Texas-based synth tribal/industrial band Chant was the first band to perform this evening after the opening DJ's of tonight's show. The duo had multiple drums set across the entire stage of the House of Blues. Also in their onslaught of digital dance mania was a keyboard on a swivel stand that Kristopher Robin swayed back and forth between the synth bass stab attacks, and the lead vocalist , drummer, and overall mastermind Bradley Bills sang melodically and strong with his beats hammering through the extremely bright LED light show behind them. The group reminded me of System Sin mixed with early Front 242. The crowd danced and cheered as the band delivered a powerful set. The band offers free downloads of their music with a email sign up list.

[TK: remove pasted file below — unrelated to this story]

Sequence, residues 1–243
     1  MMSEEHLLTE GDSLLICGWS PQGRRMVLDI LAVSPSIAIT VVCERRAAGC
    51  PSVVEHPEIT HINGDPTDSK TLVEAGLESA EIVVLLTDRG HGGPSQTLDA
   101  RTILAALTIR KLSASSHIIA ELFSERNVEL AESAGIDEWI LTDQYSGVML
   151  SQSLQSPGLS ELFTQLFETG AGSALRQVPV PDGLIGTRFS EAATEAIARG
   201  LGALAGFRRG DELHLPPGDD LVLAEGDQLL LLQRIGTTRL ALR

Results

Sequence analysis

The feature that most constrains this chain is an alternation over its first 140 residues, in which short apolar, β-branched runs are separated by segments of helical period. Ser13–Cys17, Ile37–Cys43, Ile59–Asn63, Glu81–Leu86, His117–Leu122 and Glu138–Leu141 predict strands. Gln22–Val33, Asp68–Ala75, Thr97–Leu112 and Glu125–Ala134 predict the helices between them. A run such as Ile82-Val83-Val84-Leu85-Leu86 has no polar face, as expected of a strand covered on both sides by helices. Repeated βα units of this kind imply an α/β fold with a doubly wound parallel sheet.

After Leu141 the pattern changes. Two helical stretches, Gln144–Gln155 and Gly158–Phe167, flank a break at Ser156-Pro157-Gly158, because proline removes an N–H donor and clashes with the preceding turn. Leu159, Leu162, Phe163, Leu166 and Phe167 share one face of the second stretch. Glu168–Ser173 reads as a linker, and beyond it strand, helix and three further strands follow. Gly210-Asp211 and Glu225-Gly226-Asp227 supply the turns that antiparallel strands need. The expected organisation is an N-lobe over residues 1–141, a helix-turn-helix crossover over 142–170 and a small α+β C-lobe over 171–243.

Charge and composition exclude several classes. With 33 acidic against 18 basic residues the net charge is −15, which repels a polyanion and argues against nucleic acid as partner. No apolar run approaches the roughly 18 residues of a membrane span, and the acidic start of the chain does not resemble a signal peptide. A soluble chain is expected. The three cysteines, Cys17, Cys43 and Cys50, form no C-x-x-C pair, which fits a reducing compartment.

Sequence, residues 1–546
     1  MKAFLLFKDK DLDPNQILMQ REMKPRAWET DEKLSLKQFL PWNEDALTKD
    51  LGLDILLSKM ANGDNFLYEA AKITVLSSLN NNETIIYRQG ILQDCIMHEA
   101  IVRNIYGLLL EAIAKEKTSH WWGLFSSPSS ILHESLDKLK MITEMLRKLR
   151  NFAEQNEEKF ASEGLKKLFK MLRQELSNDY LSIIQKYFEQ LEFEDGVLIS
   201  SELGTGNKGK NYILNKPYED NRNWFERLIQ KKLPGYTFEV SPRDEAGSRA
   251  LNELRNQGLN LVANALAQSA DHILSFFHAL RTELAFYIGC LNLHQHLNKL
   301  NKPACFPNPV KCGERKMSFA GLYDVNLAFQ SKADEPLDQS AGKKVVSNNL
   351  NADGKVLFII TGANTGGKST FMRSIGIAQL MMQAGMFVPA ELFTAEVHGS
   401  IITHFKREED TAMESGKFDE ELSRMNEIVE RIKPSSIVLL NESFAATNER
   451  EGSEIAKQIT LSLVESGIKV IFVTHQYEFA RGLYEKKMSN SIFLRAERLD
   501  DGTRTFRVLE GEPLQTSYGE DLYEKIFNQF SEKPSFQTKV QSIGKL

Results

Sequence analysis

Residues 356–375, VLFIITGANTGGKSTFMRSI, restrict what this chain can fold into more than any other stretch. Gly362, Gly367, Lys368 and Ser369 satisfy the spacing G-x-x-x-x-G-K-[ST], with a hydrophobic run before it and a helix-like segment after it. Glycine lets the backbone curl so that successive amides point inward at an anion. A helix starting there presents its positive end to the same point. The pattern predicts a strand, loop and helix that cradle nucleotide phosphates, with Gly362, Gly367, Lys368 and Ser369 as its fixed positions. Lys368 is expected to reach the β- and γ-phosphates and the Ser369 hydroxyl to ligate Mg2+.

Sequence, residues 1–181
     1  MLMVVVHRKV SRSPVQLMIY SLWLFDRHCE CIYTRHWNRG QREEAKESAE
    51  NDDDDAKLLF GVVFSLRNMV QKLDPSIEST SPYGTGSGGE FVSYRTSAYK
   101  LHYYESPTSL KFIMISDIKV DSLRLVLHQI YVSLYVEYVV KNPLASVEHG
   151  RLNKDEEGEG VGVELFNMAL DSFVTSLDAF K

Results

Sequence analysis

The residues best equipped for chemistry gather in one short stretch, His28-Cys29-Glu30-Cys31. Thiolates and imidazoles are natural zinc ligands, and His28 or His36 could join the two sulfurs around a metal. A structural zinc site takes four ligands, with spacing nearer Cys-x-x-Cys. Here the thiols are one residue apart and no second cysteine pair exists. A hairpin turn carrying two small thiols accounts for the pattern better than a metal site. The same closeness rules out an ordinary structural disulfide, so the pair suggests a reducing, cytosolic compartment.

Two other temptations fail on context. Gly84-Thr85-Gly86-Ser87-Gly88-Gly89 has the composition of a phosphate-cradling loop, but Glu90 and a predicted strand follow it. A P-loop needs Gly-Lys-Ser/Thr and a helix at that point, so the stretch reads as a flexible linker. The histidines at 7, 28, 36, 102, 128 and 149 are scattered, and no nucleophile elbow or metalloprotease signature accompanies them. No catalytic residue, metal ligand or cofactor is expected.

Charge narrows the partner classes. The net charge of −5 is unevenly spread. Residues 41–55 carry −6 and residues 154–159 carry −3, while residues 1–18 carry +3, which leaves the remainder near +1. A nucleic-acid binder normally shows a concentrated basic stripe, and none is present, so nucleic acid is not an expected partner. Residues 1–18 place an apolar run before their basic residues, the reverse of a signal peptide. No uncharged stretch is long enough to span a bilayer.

Arguably one of the fathers of Industrial/Metal fusion next to Ministry, KMFDM has been hard at work with nonstop touring and album releases for nearly 30 years. Their live DVD's offer a documentation of their army of fan’s responses to the live performance, a fan base dedicated to the group that just continues to grow. The live lineup has not changed much over the past 10 years, and it shows in their flawless performance whether in a large or small setting. Playing favorites like "Drug Against Aar" and "Free Your Hate" as well as a few songs fronted entirely by female vocalist Lucia Ciafrelli, also frontman Sascha Konietzko’s wife. Strobe lights, lasers, and cigarette smoke emanated from founding memberKonietzko. With his sunglasses on, he commands the audience from behind his glowing imposing podium; Ciafrelli had a matching podium next to his, but she often left it to dance strangely and crouch close to the edge of the stage in the faces of those at the very front in her sexy black corset, black boots, and cute Minnie Mouse hair poofs. Her voice was high-pitched and sweet sounding, but still she used to it growl in an insidious manner. The ever-changing lights were perfectly choreographed to the heavy beats. The guitars by Jules Hodgson and Steve White are crisp and deliver the heavy textures that are staples to the KMFDM sound. The songs were only divided by filtered samples and a short tuning break, fitting in as much material as they could, including four encores before the house lights would come back on, leaving everyone wanting more. Forward, March, Attack!